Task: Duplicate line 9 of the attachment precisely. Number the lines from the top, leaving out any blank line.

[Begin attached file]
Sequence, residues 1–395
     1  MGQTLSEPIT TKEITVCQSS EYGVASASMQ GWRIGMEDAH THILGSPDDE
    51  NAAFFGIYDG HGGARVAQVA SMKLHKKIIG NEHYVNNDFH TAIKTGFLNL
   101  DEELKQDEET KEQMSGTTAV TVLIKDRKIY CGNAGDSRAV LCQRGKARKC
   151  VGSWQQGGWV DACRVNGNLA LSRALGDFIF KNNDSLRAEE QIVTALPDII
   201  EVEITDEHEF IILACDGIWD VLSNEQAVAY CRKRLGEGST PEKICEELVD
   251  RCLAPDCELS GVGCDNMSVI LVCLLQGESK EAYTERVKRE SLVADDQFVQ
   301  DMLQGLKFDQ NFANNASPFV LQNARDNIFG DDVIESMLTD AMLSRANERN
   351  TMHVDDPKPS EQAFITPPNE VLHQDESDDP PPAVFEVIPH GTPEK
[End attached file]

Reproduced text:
   351  TMHVDDPKPS EQAFITPPNE VLHQDESDDP PPAVFEVIPH GTPEK